Players See Body Change From Dillman

Strength and conditioning coach Jeff Dillman has spent just as much time on educating as he has on the nuts and bolts of his workout plan. The educating has been more important than the workouts. The first-year strength coach wanted his players to understand what they were doing before they even lifted one weight in the football facility. It helped the players buy into the philosophy early.

"It's so different because we understand why we're lifting, what we're working on and basically why we're doing it," Sharrif Floyd said. "We know how it pertains to football instead of just knowing we're working out. That helps a lot."

That's what Dillman wanted when he took the Florida job. It's the reason he works so hard to teach. Before the Gators started to work out on each machine, Dillman went into a speech about which muscle was being worked out and what those muscles do on the football field.

Working out then changed from something players checked off their list of things to do during the day and became something they put a lot of work into to improve what happened on the field. Players weren't afraid to admit that wasn't the case in the past.

"It's the experience he brings to the weight room," Lerentee McCray said. "It's a fun experience. Every day you see him, and it's going to be something new. He makes the experience of coming into the weight room a fun one."

Head coach Will Muschamp kept former strength and conditioning coach Mickey Marotti for his first season at Florida. The transition to Dillman isn't meant to bash Marotti. Florida won two national championships with Marotti running the strength and conditioning program, but Muschamp wants a different type of player.

Speed was a big part of the Urban Meyer regime. Muschamp wants his players to be bigger. The issues comes in searching for how big players can get without sacrificing their speed, and that's where Dillman comes in.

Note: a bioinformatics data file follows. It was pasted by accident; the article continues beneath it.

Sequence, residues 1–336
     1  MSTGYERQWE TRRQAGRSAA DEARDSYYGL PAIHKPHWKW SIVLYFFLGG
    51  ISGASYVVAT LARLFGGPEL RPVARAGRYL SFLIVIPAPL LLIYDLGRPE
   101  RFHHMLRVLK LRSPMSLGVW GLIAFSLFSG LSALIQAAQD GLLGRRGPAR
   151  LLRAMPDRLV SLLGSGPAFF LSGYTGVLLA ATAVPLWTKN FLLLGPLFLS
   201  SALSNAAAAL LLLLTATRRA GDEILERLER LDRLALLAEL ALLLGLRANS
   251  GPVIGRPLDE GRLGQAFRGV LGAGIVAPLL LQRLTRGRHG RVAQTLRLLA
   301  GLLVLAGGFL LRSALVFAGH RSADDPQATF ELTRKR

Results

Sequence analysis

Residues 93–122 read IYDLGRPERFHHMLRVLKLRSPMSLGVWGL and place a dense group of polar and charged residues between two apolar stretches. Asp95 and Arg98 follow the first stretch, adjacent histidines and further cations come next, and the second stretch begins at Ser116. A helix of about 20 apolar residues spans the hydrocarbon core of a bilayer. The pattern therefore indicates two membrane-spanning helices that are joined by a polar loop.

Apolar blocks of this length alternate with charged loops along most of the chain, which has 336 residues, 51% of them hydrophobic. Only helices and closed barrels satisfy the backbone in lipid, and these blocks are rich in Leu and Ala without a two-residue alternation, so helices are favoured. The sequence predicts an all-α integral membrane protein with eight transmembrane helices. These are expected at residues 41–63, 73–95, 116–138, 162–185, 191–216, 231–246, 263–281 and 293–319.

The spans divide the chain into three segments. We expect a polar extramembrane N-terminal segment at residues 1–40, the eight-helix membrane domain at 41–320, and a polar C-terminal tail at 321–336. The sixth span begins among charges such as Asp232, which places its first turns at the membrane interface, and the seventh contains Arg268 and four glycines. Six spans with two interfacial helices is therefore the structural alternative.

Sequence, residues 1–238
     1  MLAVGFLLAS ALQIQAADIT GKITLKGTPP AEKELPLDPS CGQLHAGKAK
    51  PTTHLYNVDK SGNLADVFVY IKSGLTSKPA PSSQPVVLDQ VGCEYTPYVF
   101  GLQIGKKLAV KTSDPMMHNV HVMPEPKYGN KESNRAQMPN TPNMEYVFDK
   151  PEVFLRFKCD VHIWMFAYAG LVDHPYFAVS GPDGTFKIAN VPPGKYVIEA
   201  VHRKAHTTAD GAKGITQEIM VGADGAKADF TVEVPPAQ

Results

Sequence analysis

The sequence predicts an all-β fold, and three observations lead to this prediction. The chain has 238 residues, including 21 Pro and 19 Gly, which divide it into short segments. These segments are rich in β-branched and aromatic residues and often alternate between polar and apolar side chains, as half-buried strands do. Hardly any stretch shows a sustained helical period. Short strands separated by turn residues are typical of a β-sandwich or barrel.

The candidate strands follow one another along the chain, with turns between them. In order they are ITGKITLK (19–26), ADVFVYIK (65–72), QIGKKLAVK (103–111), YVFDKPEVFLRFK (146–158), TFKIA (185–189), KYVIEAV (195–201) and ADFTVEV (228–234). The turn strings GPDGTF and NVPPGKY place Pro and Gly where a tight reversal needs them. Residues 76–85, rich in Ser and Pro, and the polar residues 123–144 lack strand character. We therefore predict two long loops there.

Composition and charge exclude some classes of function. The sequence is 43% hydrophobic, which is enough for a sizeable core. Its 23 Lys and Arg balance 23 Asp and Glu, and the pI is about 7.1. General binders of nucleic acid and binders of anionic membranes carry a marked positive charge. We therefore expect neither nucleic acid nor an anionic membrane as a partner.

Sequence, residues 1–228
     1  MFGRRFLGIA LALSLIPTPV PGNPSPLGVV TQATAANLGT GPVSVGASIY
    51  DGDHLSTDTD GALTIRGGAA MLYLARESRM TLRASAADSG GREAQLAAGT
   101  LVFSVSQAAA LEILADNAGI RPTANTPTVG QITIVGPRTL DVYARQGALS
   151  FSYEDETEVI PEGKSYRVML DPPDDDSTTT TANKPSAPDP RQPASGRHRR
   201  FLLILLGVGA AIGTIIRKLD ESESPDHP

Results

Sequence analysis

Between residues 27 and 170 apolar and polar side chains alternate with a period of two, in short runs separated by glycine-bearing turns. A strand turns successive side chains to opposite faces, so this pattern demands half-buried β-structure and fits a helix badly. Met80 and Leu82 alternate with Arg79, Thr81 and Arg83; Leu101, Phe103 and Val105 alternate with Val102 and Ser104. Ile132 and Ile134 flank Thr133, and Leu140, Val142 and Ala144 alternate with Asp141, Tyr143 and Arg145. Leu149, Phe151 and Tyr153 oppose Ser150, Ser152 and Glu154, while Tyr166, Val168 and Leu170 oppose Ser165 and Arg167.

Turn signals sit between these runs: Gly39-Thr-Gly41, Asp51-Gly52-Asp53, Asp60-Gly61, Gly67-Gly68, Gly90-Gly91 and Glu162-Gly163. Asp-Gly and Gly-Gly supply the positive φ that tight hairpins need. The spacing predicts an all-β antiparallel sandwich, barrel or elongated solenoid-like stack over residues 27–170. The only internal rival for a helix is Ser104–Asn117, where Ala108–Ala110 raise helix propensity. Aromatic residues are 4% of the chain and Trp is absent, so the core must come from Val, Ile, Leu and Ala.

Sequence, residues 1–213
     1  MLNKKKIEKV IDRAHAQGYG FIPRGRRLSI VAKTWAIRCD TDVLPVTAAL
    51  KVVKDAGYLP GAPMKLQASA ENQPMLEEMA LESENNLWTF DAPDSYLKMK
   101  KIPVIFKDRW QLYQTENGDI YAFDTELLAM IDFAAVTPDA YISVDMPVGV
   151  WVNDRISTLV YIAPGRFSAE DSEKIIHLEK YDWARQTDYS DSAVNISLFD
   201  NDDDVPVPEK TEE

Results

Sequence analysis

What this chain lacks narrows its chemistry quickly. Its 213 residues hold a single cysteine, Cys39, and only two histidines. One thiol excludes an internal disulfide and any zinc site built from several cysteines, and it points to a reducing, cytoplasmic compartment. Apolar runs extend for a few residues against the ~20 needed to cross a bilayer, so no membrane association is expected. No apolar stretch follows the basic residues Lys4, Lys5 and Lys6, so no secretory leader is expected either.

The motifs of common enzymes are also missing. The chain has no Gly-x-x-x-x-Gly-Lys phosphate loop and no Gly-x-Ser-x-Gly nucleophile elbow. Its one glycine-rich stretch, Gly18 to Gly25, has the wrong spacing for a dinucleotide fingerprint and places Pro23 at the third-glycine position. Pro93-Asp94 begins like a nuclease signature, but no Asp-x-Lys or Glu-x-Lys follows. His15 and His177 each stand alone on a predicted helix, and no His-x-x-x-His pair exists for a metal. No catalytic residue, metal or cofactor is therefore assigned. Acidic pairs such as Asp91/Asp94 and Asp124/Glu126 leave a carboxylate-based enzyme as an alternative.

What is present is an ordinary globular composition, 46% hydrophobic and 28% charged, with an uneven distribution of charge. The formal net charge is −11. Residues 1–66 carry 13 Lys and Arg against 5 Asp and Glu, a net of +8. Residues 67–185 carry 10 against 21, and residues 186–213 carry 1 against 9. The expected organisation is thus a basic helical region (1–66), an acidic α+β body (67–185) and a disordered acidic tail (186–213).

"We are trying to get bigger," Muschamp said. "You can be fast and still be really big and physical. That's allowed."

Dillman has accomplished that through an increase in power lifting. Florida has gone to more Olympic lifting, especially cleans, jerks and snatches to make the total body stronger.

"It's completely different in how we train," said Jelani Jenkins, who has gained 14 pounds since the end of the 2011 season and is up to 238 pounds. "It's a lot more explosive things. We incorporate a lot more power. We're a lot more explosive and powerful."

As the players hit the field for the first day of practice on Friday, the difference was noticeable. Dillman had some time with the players before and during spring practice, but the summer workouts is where he got to work with body transformation.

"I felt it, even in the spring," Jon Bostic said. "I felt a lot stronger and a lot more explosive out there. I don't know what it was."

Dillman's plan is different for every player. The focus is speed for some, while others are trying to get stronger and add weight. Most skill players are focused on adding strength while not sacrificing speed.

That's what sophomore cornerback Marcus Roberson worked on in the offseason. After a neck injury kept him away from contact in the spring, Roberson was able to focus on his body.

"Coach Dillman has done everything you can ask for," said Marcus Roberson, who has added three "good" pounds of muscle. "He trusts his work, and we trust him. We bought into the program, and we're able to get better."

The most important aspect of the hire is that it's someone Muschamp is comfortable with. For all the positives Marotti brought to the team, it wasn't the style of lifting that Muschamp has been around while a defensive coordinator.

"Jeff Dillman is a Will Muschamp guy at the end of the day, and he's putting the same philosophical ideas I want in the weight room, from an Olympic core lifting and the things that we need to do to be successful, that I know work in this league," Muschamp said.

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